Cell Transplants Are Giving Spinal Cord Injuries A Leg To Stand On
In 2014, Dr. Pawel Tabakow of Wroclaw Medical University and this team of surgeons performed the procedure that would change a man’s life forever. Spinal cord injuries have the ability to significantly impact a person’s life, requiring them to become dependent on their loved ones and preventing them from living to the fullest. However, all of that is about to change.
In 2010, Darek Fidyka was stabbed repeatedly, severing his spinal cord and paralyzing him from the chest down. Doctors prescribed him intense exercise routines and physical therapy sessions, but his body wasn’t responding to the treatment.
This is the norm when it comes to spinal cord injuries. A traumatic blow causes bone fragments, ligaments, or vertebrae disc material to become displaced and tear into the tissue of the spinal cord. In most cases, the cord isn’t completely severed, but Fidyka wasn’t so lucky. He lost all of his sensory and motor functions below his chest, rendering him completely dependent on others for most of his everyday tasks.
Fortunately for Fidyka and millions of others spinal cord injury patients, a medical breakthrough was on the horizon. University College London’s Professor Geoffrey Raisman and his team were on the verge of a remarkable discovery. He, like many doctors, was frustrated that mammals’ central nervous systems weren’t built for regrowth unlike lizards, for example, that can grow a new tail if it’s been severed.
However, Raisman began considering the regenerative power of olfactory ensheathing glia (OEGs) which surround the olfactory nerve fibers responsible for sending electrical charges from our noses to the brain. As you can imagine, it’s a stressful job. The fibers have a lifespan of around six to eight weeks, but OEGs continuously provide a path for them to send their messages.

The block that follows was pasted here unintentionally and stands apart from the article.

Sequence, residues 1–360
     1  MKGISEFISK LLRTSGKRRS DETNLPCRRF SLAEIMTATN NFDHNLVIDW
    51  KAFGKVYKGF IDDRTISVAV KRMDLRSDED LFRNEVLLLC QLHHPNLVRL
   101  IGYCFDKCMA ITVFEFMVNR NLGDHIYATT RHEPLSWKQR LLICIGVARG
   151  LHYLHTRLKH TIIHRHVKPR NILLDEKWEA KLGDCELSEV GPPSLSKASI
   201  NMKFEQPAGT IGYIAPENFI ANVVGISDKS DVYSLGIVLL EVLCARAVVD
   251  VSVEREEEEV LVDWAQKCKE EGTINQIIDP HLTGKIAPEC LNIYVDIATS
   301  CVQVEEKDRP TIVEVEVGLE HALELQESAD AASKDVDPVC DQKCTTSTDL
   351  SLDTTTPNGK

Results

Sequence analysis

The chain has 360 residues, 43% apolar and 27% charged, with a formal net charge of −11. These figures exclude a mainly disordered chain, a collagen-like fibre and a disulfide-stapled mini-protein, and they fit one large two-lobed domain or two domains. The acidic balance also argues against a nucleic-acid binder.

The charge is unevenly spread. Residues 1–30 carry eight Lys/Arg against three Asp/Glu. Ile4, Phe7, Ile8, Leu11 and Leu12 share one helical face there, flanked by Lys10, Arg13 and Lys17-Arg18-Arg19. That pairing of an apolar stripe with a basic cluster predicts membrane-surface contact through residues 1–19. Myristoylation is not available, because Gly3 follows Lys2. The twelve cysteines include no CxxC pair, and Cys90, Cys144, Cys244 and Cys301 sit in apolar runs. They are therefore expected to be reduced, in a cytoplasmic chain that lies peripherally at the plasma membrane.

Raisman wondered what would happen if the OEGs could be transplanted into the damaged area of the spinal cord. He and his team conducted several successful trials on animals and, with that glimmer of hope, moved on to a human patient.
Fidyka’s procedure was fairly straightforward. Surgeons harvested cells from his olfactory bulb and then, using 100 micro-injections, were transplanted around the point of injury.
Eventually, the OEGs were able to provide a new pathway for severed nerve fibers to grow and join back together, effectively bridging the gap that caused Fidyka’s paralysis. This was previously thought impossible, but not anymore. Fidyka is slowly but surely regaining motor functions and sensations: walking with a frame, driving a car, etc. He has his life back.
Spinal cord injuries are often considered one of the most traumatic, life-altering injuries a person can experience. Even if a person is involved in a car accident that damages their spinal cord and files a successful suit against the other driver, all the settlements in the world can’t compensate for what they lose. The procedure opens up so many doors for victims of a serious personal injury like this, chief among them the possibility of regaining the ability to live their lives the way they want to.